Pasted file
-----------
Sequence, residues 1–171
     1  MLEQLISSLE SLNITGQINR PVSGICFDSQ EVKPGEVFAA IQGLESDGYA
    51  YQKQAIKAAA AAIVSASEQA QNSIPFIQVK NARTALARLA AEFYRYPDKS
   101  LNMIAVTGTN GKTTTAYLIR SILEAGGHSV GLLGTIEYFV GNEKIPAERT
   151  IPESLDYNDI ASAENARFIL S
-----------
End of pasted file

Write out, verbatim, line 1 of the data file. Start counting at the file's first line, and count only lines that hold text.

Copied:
Sequence, residues 1–171